The official state flower of Kentucky is the goldenrod. The goldenrod symbolizes encouragement and precaution. A Senate resolution adopted the goldenrod as the Kentucky state flower on May 16, 1926. There are more than 30 varieties of the goldenrod, but the state does not specify a particular variety as the official flower. The goldenrod is also the state flower of Nebraska, the state wildflower of South Carolina, and the official state herb of Delaware.
History of the State Flower
The trumpet vine was the unofficial state flower of Kentucky. It was assigned by the Department of War as the symbol for the Kentucky Active Militia. In 1921, the Kentucky Women Club began promoting the goldenrod as the appropriate floral emblem. The club argued that the goldenrod grew throughout the state and was even represented in the state flag. The Department of War argued that the trumpet vine deserved the official status because it symbolized the state militia and the goldenrod was already assigned to California. The argument did not convince the Kentucky General Assembly, and on May 16, 1926, the goldenrod was officially adopted as the state flower.
Characteristics of the Goldenrod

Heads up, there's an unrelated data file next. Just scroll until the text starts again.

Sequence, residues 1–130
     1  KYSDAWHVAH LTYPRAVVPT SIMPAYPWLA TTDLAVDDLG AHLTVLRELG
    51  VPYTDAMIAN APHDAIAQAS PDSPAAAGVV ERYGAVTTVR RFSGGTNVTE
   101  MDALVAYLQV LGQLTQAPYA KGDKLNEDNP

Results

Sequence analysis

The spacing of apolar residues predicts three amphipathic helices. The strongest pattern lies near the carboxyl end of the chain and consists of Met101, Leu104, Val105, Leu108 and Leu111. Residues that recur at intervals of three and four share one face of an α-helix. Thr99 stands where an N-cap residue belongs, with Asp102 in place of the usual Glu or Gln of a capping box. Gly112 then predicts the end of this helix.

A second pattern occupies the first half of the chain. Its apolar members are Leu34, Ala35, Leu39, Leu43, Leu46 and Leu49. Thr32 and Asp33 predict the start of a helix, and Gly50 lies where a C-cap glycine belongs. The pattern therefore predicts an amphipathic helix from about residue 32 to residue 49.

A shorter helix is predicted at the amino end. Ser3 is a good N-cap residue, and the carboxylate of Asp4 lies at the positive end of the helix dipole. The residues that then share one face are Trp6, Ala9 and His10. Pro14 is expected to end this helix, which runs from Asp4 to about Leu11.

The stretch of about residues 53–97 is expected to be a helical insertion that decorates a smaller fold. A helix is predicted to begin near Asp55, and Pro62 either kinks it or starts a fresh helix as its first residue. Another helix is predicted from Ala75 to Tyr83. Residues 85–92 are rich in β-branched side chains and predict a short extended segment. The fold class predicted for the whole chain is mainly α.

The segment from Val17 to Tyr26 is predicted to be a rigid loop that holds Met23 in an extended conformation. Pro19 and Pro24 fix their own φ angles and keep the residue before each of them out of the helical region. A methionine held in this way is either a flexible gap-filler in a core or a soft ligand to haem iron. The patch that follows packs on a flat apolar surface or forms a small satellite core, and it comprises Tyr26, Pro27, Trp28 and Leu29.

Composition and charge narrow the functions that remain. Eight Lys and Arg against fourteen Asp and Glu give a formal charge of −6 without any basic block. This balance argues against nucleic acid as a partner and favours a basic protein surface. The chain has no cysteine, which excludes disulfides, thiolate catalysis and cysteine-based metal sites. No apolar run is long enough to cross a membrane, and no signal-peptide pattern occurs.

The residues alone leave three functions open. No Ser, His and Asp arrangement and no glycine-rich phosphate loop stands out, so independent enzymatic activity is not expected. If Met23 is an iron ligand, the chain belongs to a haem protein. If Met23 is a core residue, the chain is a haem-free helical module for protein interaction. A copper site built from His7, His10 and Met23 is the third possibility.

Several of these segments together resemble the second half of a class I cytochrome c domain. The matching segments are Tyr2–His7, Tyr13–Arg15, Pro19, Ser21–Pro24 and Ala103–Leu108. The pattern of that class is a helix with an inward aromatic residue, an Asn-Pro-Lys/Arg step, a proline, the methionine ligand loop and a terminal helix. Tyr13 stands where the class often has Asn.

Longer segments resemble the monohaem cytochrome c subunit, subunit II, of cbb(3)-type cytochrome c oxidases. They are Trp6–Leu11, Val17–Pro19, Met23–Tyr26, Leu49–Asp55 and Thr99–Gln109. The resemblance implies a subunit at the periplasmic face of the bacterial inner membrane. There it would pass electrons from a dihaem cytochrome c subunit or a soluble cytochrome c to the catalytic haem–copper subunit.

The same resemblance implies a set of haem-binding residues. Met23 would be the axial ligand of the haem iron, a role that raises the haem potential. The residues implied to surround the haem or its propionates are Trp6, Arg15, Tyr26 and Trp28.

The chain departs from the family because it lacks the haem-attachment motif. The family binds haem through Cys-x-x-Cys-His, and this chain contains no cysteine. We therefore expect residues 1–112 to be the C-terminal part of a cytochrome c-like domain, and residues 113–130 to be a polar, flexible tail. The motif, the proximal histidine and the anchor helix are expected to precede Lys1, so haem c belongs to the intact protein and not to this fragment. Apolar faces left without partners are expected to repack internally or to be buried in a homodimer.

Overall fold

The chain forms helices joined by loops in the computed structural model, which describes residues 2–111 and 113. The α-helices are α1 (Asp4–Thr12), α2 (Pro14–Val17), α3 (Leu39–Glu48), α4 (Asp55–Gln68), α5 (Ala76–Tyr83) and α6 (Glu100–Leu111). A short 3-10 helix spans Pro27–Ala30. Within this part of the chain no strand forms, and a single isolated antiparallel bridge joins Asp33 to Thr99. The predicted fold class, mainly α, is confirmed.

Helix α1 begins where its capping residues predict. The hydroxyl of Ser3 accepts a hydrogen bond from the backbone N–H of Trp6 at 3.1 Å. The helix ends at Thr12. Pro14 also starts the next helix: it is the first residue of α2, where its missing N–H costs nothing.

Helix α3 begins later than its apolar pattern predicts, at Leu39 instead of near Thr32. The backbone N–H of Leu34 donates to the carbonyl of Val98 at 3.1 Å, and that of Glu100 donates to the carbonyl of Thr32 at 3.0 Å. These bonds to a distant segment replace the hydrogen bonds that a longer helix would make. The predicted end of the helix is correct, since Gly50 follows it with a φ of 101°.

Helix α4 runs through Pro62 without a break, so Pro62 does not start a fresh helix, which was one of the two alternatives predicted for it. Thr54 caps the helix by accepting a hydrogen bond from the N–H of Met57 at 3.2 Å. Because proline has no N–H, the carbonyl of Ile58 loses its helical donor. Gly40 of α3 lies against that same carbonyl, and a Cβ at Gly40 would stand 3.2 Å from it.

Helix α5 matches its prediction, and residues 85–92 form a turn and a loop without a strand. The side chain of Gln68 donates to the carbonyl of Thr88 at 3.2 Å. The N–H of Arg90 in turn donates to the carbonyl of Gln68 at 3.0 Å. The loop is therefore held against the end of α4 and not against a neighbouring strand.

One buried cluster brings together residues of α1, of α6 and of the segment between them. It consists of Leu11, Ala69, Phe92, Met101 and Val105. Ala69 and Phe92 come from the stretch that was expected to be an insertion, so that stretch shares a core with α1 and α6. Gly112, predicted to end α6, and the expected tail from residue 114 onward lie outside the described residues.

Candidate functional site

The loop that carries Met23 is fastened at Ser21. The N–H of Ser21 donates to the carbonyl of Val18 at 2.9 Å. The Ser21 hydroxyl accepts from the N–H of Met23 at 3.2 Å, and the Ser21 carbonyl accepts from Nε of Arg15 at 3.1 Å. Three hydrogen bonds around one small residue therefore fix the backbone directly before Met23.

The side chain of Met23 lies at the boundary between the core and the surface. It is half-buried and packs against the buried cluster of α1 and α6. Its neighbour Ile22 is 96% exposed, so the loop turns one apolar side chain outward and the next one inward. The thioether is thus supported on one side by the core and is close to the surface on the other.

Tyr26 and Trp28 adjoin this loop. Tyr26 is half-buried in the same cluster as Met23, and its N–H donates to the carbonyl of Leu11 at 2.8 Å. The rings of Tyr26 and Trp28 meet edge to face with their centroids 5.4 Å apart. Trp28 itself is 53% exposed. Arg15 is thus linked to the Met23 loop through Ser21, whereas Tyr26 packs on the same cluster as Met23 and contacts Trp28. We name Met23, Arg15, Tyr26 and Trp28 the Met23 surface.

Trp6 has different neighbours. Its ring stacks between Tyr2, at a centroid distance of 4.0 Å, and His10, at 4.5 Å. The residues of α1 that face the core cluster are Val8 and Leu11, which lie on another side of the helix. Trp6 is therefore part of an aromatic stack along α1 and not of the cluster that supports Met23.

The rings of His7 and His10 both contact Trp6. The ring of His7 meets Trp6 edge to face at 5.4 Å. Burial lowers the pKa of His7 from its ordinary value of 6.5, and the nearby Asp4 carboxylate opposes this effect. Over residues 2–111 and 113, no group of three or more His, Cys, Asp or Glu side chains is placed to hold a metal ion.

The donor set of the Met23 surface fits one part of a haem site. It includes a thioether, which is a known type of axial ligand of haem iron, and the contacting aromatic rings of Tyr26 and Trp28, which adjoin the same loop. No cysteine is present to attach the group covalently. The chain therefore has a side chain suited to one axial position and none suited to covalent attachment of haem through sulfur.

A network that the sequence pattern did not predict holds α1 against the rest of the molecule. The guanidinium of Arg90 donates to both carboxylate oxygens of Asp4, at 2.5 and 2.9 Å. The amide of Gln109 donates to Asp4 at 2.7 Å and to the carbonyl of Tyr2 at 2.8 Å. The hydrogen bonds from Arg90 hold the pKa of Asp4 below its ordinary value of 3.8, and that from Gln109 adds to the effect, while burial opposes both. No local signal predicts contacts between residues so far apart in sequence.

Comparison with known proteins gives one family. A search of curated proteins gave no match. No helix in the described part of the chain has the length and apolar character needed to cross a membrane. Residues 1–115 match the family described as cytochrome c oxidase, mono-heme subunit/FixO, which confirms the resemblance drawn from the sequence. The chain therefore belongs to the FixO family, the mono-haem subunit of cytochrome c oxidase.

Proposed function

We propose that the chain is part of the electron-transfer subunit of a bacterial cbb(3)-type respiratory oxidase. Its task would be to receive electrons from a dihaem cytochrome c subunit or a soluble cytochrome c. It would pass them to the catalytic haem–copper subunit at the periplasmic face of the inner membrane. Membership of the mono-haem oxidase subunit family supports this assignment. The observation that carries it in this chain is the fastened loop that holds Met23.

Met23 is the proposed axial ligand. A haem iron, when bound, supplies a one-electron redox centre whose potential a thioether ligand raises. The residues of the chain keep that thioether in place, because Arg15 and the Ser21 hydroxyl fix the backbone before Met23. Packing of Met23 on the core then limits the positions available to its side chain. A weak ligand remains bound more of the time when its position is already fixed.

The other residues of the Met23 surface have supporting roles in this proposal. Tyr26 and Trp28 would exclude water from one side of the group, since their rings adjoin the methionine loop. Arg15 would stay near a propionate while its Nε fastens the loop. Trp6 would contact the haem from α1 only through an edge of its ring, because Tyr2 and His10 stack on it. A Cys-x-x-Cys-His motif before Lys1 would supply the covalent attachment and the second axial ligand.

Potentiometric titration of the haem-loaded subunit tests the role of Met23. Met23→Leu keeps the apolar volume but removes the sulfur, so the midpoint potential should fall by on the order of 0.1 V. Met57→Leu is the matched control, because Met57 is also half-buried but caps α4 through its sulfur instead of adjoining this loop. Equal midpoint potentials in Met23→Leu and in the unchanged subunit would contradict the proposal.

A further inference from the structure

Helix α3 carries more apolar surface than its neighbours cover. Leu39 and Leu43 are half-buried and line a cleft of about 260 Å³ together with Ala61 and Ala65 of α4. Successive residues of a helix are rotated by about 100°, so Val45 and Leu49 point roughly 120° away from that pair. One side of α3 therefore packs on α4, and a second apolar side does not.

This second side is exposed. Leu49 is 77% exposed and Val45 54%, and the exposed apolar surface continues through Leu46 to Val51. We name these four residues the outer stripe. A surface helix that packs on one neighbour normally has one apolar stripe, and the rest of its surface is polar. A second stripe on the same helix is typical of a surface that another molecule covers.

The goldenrods are autumn flowers that grow in the meadows, woods, rocky ground, and hills of the United States. There are five types and more than 30 varieties of the goldenrods They include; club-shaped golden road, plume-shaped, wand-like, elm-shaped, and flat-topped. The most common goldenrod in Kentucky is the tall goldenrod which is a variety of the plume-shaped goldenrod. The flower is between 1 and 8 inches tall. The goldenrod blooms between July and October, each bloom consists of clusters of numerous small flower heads at the top of the stem. Some varieties are fragrant while others are not. The leaves of some varieties of the goldenrod are used to make herbal tea.
Goldenrod in Kentucky
The flower is occasionally blamed for the persistent allergies in Kentucky, but research has proven that it is not the cause, but, instead, the allergies experienced by Kentuckians are caused by the ragweed that blooms at the same time as the goldenrod. The blooms of the goldenrod lineup the roads of Kentucky's countryside in the fall, turning the highways serene and spectacular.
About the Author
Victor Kiprop is a writer from Kenya. When he's not writing he spends time watching soccer and documentaries, visiting friends, or working in the farm.
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